I want to make my own decisions
I have a mother who is still running my life even though I'm almost 30 years old. I want to move out and live my own life, but it feels like as long as I do what my mom wants our relationship is okay. It's never okay if I don't do what she wants.
I don't know how to start making my own decisions and not worry about whether it's right in her eyes. Would it help for me to talk to someone about this?
If the only way the relationship you have with your mother feels "okay" is when she is the only one who makes decisions concerning your life, then this only seems ok.
In fact it is not okay for one person to be the authority for another person unless the one for whom this is being done, does not have their own ability to think for themselves.
Separating your own wishes and way of handling life matters, from your mother's point of view, may be difficult.
First, realize you need to get familiar with feeling at ease with the idea of deciding matters for yourself.
You'll need practice until you feel comfortable.
Unless, if you've been thinking through decisions you'd like to make and the idea of your mother's anger is the only point which stopped you, then you may almost instantly start living in a liberated way of running your own life.
Basically, it is right and fair for you to have the chance to live your life the way you feel is best.
Be prepared that your mother may disagree with you and that her disagreement is not a reason itself to not do what you believe is in your best interest.
- 115 views
ABSOLUTELY. Having someone who's outside the situation and, even more so, with knowledge and experience in human behavior and relationship dynamics such as a counselor can do wonders in helping us feel less alone in frustrating situations like the one you're currently stuck in with your mother.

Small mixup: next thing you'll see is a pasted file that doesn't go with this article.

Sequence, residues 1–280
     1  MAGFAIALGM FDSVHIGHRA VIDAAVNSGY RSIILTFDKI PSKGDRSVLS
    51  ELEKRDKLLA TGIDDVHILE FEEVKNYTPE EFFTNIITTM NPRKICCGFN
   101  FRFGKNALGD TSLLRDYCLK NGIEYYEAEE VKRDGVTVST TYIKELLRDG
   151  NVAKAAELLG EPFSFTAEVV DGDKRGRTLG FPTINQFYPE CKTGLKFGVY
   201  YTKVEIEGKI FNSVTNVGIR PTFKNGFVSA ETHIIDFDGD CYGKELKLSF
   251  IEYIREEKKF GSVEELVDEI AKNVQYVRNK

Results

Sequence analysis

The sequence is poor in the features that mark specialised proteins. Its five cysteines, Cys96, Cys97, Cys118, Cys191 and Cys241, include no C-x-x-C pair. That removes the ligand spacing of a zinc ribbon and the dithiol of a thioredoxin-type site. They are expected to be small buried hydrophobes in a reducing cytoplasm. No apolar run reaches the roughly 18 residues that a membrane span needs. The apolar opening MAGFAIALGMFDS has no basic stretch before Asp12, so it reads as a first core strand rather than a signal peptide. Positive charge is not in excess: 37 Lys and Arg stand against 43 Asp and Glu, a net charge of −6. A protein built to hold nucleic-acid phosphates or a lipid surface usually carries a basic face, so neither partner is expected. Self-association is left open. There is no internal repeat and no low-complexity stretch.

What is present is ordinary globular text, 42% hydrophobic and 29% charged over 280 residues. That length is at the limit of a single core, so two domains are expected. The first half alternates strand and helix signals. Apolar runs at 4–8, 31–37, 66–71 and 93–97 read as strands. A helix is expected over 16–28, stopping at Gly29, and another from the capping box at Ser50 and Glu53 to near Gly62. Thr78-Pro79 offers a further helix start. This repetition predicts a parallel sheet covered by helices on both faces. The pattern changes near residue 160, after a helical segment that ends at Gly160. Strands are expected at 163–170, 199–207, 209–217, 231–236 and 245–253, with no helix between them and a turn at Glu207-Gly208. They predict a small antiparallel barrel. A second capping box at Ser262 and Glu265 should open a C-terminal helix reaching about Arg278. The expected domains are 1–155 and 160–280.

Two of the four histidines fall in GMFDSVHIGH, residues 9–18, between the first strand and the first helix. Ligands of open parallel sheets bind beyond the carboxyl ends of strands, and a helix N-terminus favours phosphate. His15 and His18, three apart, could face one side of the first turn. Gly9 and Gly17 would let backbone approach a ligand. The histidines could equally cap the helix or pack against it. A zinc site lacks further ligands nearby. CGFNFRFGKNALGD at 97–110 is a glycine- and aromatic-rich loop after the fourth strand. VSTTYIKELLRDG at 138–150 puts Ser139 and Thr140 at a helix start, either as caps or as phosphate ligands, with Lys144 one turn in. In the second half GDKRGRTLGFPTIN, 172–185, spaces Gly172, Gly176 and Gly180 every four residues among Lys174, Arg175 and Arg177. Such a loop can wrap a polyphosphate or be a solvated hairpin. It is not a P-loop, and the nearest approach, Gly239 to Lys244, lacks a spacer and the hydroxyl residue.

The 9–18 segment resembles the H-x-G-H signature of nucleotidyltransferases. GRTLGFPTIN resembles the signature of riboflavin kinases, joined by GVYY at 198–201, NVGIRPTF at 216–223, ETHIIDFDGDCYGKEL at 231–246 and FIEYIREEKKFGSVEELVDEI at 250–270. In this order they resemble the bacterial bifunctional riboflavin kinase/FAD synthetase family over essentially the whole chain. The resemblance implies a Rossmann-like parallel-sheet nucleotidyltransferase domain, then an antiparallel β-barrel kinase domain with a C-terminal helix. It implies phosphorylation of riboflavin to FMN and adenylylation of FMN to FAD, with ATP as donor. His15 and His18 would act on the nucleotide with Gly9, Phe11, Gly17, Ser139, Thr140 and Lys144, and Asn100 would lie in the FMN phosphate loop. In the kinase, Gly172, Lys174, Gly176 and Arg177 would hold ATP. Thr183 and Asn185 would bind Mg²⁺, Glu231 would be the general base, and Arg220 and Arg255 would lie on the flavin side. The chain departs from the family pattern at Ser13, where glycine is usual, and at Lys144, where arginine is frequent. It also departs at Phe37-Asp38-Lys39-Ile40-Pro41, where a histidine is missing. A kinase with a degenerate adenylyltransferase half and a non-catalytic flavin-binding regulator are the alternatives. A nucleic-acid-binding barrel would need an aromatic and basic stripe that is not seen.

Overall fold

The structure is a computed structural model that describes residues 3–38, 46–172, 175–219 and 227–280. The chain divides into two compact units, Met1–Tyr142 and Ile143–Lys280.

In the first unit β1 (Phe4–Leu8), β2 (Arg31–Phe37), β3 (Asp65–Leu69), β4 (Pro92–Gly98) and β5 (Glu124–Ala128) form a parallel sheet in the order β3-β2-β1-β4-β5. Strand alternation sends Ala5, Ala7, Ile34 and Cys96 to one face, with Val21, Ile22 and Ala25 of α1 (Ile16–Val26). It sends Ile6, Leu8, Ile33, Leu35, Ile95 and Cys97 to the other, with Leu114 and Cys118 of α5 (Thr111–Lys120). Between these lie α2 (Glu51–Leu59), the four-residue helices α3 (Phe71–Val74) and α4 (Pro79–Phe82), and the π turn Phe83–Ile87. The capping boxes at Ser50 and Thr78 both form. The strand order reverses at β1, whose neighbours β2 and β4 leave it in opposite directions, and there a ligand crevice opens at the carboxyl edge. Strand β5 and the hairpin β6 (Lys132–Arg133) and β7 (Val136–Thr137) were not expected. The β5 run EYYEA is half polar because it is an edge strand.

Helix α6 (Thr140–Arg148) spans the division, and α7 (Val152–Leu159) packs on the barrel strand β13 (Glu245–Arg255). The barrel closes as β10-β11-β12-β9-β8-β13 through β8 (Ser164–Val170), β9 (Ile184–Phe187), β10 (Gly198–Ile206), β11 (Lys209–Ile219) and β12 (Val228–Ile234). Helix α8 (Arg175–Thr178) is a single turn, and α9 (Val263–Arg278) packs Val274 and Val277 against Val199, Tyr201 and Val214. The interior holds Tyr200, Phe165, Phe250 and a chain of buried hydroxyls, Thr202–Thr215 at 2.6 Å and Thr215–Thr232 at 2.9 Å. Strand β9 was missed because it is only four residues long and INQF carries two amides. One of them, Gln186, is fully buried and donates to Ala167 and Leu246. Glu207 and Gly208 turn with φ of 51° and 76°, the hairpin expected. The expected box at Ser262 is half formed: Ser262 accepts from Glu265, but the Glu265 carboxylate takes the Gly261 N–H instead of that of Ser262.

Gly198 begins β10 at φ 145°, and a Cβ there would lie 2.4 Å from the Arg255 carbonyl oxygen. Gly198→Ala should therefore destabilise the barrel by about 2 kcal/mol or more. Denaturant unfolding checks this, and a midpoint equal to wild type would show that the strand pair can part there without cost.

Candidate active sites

A professional can also assist you in finding some assertiveness techniques, communication strategies, and coping skills to help you find your voice and stand your ground in a way that feels most authentic to you.
In a healthy parent-child dynamic, there comes a normal developmental shift when, as the child reaches each new stage of maturity and responsibility, the parent backs off to provide a more supportive role instead of directive role. We call this "redefining relationships." (We also do it with our friendships and colleagues here and there over time as needed). It's absolutely vital.
Sounds like your mom may have missed that memo.
Like many parents, she may feel your behavior and choices is a direct reflection of her. Or that her role as your mother allows her greater latitude than it should. Or like many other people in general, that her way is the ONLY way.
Regardless, this is YOUR life. And as far as we know, it's not a dress rehearsal. You certainly don't want to wake up some 50 years from now regretful or resentful.
That being said, there are certainly ways to show her love and respect while doing what makes you happy.
I would encourage you to Google therapists near you whose bios resonate with you and what you're looking for and start on a the journey towards a new chapter of freedom and hopefully a deeper, more satisfying mother-daughter relationship for both of you.
Tamara Powell, LMHC
- 555 views
Submit your own question
- Relationship Dissolution
- Workplace Relationships
- Domestic Violence
- Anger Management
- Sleep Improvement
- Grief and Loss
- Substance Abuse
- Family Conflict
- Eating Disorders
- Behavioral Change
- Legal & Regulatory
- Professional Ethics
- Career Counseling
- Human Sexuality
- Social Relationships
- Children & Adolescents
- Military Issues
- Counseling Fundamentals